Regarding Loving a Girl
Olivia and I settle by the oak tree, palms brushing
its dark trunk, our bodies twined
like rosaries, these small and holy things.
The leaves shudder softly under
the wind’s touch, and I trace the neat folds
of her blue seersucker dress, the sweet skin
gathering at her knuckles. I wonder
how many days have passed
like this: two girls swallow-quiet
under the branches that reach and reach,
as if longing. My mother reminds me how,
in our language, there is no word for longing.
We just haven't learned the word for longing,
I rush to revise, because I want to believe
our language is whole, to believe
there are enough Tamil words
for everything, enough words for Olivia
and how much I want to touch her.
But to think the women in my family have
never passed down desire, only the tight press
of their lips, only the way to tuck their hands
behind their backs when the men come
home. To think they had no use for a word for
longing because it would not fit
in their bodies. Because they grew up
clutching the Quran, five daily prayers
slicking their mouths like salt.
Because they read their jathagams closely,
listening to the man who mapped
the stars that blemished their bellies.
How he built this strange fate,
prophecy translated from sky.
After we pray, my mother shows me
my jathagam.What I would become
knitted in ink, turning each page
dark: soft-spoken daughter,
obedient wife, always afraid.
I do not ask my mother
if there is a Tamil word for a girl
who loves a girl. I know
her answer, I think. This is where I come from,
I say instead, when I tell Olivia the story,
murmuring verses from the Quran,
the two of us stitched in moonlight, my hands
in her blonde hair. Yes, she says, touching my hijab
gently, bringing her lips to mine.
Ode to Muslim Girl
In the mosque, women stir in slow circles. Following
the blue lilt of my mother’s cotton hijab, I move past
these women, their burkas brushing against mine, their bodies
so lovely and gentle, their mouths brimming
with sweet Tamil vowels and knitted songs of worship.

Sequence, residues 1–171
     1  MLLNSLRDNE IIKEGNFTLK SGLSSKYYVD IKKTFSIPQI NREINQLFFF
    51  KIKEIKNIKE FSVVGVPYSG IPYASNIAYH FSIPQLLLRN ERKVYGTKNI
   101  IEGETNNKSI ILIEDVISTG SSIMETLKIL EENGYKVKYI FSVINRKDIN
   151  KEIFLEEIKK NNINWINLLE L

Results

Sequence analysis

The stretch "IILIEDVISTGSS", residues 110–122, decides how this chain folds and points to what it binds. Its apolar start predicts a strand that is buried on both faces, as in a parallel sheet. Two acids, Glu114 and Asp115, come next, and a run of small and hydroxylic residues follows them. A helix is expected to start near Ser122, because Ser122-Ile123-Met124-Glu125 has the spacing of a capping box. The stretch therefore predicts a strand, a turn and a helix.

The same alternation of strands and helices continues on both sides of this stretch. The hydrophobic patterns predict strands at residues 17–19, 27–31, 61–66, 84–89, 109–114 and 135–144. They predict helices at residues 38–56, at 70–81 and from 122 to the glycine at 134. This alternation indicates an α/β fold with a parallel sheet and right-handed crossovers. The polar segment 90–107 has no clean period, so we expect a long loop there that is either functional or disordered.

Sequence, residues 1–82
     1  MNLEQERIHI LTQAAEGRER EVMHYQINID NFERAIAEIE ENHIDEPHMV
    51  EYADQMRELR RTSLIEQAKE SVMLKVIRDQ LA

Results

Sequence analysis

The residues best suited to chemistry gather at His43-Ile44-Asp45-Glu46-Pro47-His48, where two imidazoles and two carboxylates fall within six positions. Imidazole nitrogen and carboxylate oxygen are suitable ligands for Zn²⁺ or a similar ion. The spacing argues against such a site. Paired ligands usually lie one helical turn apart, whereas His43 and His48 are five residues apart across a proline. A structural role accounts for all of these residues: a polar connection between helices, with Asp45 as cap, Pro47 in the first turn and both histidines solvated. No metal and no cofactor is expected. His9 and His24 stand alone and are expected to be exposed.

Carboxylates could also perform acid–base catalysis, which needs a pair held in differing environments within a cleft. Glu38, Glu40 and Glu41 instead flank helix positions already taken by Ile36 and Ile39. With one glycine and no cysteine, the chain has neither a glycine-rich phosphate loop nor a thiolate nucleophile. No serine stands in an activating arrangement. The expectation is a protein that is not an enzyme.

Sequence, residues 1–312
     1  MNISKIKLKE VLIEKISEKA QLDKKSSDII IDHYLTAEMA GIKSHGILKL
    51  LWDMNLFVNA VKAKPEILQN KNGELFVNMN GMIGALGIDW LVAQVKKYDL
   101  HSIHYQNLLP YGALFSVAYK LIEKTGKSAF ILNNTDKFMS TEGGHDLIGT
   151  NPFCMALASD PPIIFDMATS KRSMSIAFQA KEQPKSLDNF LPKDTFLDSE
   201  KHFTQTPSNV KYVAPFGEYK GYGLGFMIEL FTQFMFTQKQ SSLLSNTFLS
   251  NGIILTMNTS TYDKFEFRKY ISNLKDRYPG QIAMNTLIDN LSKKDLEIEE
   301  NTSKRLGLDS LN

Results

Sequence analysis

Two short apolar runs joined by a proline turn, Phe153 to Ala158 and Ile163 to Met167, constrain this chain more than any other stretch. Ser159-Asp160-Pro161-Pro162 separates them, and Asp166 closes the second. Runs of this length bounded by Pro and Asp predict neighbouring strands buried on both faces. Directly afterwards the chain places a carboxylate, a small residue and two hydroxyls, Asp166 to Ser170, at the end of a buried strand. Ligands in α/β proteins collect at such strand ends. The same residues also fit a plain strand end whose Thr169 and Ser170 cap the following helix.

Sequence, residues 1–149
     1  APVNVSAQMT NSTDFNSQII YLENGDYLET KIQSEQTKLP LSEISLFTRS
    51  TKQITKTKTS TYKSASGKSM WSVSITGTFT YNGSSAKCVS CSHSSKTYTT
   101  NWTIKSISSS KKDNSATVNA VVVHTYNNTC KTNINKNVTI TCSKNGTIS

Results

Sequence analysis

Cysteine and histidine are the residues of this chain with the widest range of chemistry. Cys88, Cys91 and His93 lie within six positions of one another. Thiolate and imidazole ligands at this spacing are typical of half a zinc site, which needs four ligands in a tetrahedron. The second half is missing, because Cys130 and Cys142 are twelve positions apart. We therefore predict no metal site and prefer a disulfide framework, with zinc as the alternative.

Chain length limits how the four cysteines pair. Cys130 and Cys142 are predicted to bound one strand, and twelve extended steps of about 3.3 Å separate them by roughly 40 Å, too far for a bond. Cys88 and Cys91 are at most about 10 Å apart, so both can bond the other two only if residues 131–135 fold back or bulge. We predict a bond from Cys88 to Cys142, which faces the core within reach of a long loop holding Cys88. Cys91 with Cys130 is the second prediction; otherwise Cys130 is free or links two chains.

I kneel beside my mother, tucked
in the corner of the room, both of us curling and uncurling
our hands, our prayer rug a field tendriled in seasilk. We are here,
I murmur, skimming my thumb along her jaw,
and by this I mean, We are home. On days like these,
the air heavy as pearls, heavy as daughters,
I keep looking into my mother’s face, so warm
and so dark, and I am overcome with the softness
of her, the way she opens the last verses of the Quran,
moon-clotted and steamed in rosemilk, the way
she cradles my cheek, a small synonym,
the way she murmurs back to me, We are here, the words
settling over me like skin. And I remember this softness, I cling to the memory
of this softness when, after school, I struggle
against the boy in the empty classroom
until he relents, until he moves the hard meat
of his knuckles from my waist, my body so small
and trembling. When he asks where I am going,
the answer is a tender thing blooming
in my mouth, and he responds, Have fun
with all the other terrorists, his chuckle following me
like footsteps filling the damp streets as I trudge
to the mosque, slip into the prayer room, my mother coiling close.
The prayer rug becomes a garden growing
underneath us, a smattering of pink petals
pinned to our bare feet, gentle as touch.
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